Saturday, July 27, 2013

Kem-Kem Returns!!! and The Commensal Dinosaur

Here is a cool video on the Kem-Kem by RaptorX over at Mesozoic Archives where he also has a recent post on Pacific Rim stuff and the Kem-Kem. Evidently there is a new paper out, but it is behind a pay-wall- boo. Unbalanced Food Web in a Late Cretaceous Dinosaur Assemblage.

O course the Kem-Kem is one of my favorite Mesozoic paleo-environments and I blogged about it way back here in Planet Predator II- Kem-Kem. Overall, it appears the paper supports the notion that Dale Russel championed of a largely aquatic-based food web.

Like Laramidian dino-paleoecology, which I went after here, much of the discussion on the Kem-Kem
is couched in language of competition such as "Ermahgerd!!! How did the theropods survive together in such diversity without loads of massive sauropods to chomp into in the Kem-Kem?!?"

Sometimes I think we fall in love with the #awesomebro #dinomania notion of dinosaurs as these all- consuming, supremely dominant, fantastical dragon-monsters when in reality they were just animals working in an ecosystem with other animals. Competition, niche-partitioning were certainly happening but also commensal relationships- relationships where a certain type or suite of animal actually helps/enhances the ecological conditions for other animals- were certainly present and, in my opinion, largely ignored in discussions of dinosaurian paleo-ecolgy. In the case of the Kem-Kem I believe spinosaurs provided opportunities for less efficient fish-catching theropods to scavenge/pilfer remains in a kleptoparasitic relationship. And in Laramidia I believe ceratopsids acted as giant terrestrial parrot/beavers* falling trees, creating edge habitats, and benefitting all manner of sympatric dino species through their habitat modifications.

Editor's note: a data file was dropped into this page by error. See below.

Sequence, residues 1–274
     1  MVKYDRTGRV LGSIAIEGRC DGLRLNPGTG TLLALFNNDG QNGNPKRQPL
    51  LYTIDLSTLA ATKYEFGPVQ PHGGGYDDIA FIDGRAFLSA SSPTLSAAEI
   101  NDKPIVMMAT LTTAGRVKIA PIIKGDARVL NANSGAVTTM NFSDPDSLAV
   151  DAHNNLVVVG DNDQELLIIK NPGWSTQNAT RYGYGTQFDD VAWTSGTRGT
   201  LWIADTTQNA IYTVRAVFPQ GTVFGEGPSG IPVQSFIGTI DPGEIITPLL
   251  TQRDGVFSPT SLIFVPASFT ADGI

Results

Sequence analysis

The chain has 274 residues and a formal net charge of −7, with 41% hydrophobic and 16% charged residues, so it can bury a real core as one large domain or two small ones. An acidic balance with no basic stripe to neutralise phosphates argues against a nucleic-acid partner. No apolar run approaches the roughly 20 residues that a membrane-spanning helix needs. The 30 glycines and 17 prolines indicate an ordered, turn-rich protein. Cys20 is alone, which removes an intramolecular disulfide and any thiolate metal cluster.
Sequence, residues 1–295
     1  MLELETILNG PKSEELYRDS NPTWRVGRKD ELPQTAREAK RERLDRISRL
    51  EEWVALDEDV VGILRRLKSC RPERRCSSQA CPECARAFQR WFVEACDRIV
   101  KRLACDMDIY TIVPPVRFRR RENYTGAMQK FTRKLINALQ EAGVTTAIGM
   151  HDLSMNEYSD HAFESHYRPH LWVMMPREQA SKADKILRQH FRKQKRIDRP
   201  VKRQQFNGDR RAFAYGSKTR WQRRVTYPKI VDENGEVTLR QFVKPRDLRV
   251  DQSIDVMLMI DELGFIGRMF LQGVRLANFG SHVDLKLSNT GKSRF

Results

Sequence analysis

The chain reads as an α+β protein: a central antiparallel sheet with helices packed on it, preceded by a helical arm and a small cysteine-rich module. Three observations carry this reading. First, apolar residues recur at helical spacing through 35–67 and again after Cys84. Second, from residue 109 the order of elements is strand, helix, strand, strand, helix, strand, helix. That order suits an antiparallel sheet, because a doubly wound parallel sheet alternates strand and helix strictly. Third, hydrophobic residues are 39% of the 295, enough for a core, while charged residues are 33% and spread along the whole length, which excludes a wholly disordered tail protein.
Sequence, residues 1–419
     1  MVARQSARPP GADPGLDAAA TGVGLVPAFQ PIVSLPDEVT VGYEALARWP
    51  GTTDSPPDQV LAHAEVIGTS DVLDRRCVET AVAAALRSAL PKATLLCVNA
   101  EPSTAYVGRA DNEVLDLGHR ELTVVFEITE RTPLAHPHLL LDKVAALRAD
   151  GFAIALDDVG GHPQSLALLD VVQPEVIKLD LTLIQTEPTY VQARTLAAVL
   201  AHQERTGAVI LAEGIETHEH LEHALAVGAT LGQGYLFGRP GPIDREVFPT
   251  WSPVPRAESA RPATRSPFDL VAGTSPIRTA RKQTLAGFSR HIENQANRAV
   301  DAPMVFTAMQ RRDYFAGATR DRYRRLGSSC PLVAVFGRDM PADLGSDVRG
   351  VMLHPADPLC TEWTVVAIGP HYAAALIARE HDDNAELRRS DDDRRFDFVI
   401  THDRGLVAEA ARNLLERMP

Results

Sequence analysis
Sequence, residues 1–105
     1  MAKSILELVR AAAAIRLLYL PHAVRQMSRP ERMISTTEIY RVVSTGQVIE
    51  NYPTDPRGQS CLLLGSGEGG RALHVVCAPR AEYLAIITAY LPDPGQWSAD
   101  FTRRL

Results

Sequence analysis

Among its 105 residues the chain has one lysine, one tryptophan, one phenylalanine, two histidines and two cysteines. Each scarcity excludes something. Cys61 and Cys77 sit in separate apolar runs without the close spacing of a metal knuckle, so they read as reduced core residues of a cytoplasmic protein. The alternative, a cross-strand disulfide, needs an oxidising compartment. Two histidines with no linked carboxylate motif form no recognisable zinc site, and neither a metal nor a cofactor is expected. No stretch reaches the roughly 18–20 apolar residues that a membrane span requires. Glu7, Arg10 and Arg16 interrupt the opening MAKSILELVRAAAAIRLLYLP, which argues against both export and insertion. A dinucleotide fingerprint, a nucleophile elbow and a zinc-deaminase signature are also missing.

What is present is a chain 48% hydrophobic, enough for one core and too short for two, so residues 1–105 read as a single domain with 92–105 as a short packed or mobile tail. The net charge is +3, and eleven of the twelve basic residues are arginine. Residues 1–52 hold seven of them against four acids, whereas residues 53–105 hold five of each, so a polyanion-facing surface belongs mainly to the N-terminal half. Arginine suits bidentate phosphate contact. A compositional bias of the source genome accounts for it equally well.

So instead of imagining dinos as these hyper-competitive, Kaiju sci-fi, monster-beasts perpetually at war with themselves and competitors- we can also imagine them as helping each other out- ecologically speaking.


* New data on ceratopsid biting mechanics has come to light and changed my view on ceratopsids chewing through trees

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